Friday, June 21, 2024

Fighting misinformation requires multi-sectoral approach, says TikTok

Every once in a while, users on social media platforms publish content that violate community guidelines. For TikTok, according to the platform’s head of public policy for the Philippines Kristoffer Rada, users are unaware that there is a lot happening on the backend courtesy of its ‘Trust and Safety’ that ensures TikTok is safeguarded from bad actors.

TikTok Philippines head of Public Policy Kristoffer Rada

During a forum hosted by TikTok Philippines under its digital literacy initiative, Rada said that the platform’s content moderation team is able to remove content that do not adhere to community guidelines 95% of the time before a user is able to view or share them.

“We take down harmful misinformation that causes real-world harm, or, possible even damage to trust in institutions of the markets we operate in. It’s equally as important for all of us to equip ourselves with digital literacy tools, understand the lay of the land of online platforms so that when fake news and bad actors come our way, we are equipped with that basic protection (akin to vaccinations acting as a preventative barrier against infections),” he explained.

Since most social media platforms have different guidelines on what constitutes misinformation, Rada advised that users and content creators should take a closer look at the minute differences. Beyond individuals, TikTok also removes harmful content that targets communities and civic institutions – this extends to elections, the government, and even scientific bodies.

“The way people on platforms now process information have changed. In the past, it was what they call the ‘Age of Information’ where it was just one-way, people were passive recipients of information. Now, people are actively creating content as well…it is a very participative process,” Rada remarked.

Beyond engaging a wider audience, Rada emphasized the importance of effectively communicate the correct information among today’s content creators. On the other side of the equation, he added that TikTok has a responsibility in properly policing its platform, alongside educational and media institutions who have a similar responsibility as well in delivering credible information.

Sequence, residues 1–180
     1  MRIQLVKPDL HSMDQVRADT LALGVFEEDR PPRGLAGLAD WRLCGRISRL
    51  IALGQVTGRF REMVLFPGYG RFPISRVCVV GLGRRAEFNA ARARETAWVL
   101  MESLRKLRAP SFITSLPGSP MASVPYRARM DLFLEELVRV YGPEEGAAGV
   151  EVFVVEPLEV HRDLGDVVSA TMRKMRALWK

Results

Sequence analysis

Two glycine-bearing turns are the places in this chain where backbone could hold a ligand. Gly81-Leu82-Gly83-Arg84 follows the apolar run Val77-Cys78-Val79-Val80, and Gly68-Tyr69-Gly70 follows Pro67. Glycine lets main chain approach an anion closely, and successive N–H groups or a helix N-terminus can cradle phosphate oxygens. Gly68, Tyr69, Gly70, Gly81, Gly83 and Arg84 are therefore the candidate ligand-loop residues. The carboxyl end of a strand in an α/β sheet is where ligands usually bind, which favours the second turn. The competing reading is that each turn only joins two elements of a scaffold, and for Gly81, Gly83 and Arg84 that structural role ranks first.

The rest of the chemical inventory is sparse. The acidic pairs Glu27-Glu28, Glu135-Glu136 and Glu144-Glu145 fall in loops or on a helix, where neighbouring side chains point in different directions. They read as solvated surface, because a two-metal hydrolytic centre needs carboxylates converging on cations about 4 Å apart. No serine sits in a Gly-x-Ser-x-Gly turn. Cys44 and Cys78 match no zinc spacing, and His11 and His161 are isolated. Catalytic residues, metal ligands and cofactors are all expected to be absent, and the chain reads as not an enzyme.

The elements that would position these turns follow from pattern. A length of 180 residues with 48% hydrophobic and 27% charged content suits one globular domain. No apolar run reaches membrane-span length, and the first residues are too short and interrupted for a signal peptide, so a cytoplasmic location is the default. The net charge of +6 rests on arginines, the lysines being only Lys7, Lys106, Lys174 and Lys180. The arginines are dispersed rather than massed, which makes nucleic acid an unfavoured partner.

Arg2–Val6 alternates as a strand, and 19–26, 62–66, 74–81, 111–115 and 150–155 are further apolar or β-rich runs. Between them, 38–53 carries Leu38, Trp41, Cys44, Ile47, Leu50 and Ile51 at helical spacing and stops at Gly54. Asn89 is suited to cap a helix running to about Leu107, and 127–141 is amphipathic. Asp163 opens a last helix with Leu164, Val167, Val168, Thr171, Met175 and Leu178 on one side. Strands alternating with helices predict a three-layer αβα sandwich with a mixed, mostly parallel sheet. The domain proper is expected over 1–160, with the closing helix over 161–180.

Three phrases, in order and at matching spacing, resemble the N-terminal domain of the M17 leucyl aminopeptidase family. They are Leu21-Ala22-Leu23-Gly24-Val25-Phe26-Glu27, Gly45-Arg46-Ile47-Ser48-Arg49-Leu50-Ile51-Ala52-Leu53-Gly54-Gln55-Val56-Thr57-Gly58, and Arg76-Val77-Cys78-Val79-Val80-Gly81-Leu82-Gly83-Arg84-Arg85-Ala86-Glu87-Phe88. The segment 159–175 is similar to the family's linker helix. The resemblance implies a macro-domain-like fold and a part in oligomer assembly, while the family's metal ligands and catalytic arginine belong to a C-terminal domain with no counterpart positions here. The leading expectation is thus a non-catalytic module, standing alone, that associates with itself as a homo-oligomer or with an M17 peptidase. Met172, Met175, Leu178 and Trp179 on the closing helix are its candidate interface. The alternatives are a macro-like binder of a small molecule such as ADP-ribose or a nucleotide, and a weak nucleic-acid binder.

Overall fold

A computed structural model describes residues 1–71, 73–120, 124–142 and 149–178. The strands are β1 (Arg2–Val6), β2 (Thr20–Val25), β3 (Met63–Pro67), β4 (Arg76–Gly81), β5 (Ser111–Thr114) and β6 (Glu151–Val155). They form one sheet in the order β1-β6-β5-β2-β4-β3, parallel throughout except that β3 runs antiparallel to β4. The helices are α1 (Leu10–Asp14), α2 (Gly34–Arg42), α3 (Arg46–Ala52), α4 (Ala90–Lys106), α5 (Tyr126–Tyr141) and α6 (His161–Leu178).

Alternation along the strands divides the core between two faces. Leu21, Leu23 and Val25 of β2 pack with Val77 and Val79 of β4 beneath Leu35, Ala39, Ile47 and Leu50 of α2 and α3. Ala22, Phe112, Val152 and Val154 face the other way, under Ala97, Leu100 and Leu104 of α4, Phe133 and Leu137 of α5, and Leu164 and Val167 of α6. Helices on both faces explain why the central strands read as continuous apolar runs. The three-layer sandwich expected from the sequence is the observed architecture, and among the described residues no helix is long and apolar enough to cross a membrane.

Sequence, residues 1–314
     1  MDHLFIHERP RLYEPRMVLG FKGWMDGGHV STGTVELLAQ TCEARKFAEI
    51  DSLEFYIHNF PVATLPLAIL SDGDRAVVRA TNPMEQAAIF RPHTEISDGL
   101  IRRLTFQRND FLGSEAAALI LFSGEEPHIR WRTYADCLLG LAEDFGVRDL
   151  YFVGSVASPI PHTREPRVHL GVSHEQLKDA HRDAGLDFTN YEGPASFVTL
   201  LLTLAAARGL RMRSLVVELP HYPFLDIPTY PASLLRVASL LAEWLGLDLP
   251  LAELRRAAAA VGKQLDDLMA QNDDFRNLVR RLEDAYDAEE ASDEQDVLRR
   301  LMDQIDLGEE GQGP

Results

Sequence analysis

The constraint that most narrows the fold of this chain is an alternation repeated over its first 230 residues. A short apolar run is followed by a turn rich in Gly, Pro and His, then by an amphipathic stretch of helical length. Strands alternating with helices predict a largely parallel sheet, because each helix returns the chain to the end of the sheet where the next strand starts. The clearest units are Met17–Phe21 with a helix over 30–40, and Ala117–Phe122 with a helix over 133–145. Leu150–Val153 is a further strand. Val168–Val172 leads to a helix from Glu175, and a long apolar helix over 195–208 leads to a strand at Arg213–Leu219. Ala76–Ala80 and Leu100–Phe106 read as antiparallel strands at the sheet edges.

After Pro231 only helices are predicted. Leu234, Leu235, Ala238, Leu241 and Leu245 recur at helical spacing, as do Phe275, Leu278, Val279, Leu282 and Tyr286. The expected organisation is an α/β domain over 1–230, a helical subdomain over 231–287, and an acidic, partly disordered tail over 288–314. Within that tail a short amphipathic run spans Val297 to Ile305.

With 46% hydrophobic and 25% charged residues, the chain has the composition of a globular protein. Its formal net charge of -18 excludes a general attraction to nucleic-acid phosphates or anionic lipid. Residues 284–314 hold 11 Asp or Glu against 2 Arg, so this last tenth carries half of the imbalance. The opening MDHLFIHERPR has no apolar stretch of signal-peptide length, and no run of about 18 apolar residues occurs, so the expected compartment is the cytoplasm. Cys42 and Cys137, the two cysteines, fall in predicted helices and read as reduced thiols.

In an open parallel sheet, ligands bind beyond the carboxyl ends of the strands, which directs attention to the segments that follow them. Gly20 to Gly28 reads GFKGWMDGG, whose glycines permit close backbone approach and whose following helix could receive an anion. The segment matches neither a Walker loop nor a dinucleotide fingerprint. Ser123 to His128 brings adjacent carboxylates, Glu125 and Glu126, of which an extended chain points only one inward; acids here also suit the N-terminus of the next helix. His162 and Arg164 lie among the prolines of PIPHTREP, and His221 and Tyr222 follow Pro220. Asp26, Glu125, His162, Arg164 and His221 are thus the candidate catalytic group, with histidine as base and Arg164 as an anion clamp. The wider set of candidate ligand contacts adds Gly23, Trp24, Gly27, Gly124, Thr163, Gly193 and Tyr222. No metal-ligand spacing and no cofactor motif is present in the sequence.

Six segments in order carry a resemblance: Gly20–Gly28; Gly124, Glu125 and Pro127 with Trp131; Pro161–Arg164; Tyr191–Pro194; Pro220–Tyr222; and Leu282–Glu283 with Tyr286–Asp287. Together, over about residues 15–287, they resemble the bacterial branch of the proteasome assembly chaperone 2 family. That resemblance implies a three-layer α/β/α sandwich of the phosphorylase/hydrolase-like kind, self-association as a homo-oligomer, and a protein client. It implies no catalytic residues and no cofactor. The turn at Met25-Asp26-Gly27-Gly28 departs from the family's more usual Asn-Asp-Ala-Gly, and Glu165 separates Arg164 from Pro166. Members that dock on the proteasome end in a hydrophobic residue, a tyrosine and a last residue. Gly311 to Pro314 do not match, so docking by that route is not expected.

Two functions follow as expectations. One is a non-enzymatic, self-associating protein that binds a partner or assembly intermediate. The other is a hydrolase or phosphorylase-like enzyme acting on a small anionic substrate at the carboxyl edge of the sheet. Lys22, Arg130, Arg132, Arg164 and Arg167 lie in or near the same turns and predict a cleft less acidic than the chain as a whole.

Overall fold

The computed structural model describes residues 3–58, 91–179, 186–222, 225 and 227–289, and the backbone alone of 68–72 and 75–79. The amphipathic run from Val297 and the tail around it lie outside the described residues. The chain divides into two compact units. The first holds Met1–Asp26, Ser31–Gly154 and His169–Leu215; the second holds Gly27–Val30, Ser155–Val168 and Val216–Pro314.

“We have to work together. Fake news and misinformation is truly a multi-sectoral problem that requires a multi-sectoral solution. That is why we are working with people such as the local media to try and look for ways in which we can improve our methods and strategically think about how to fight this problem,” he concluded.

Under the ‘Trust and Safety’ tenet of TikTok’s commitment against malicious content, the company employs a dedicated team that performs content moderation and is partnered with global news agency Agence France-Presse (AFP) who verifies harmful misinformation which is then deleted from the platform.

Meanwhile, to promote credible sources of information in the TikTok platform, the company bans political content and advertising – both direct paid ads or commissioned content via content creators, and applies misuse prevention policies to accounts that are classified as a Government, Politician, and Political Party Account (GPPPA).

Finally, in its mission to equip users and content creators with the proper tools to fight misinformation, TikTok has setup a one-stop online safety resource portal called ‘Digital Literacy Hub’ that promotes cyber wellness and related topics, as well as quick assessment tools that help with the verification of online content.

Some of TikTok’s multisectoral initiatives, on the other hand, include a masterclass series launched in collaboration with the United Nations Development Programme (UNDP), the Philippine Election Guide 2022 launched with the Commission on Elections (COMELEC) and a major local TV network, the existing partnership with AFP, and ongoing tie-ups with Protection Group International (PGI) surrounding misinformation initiatives.


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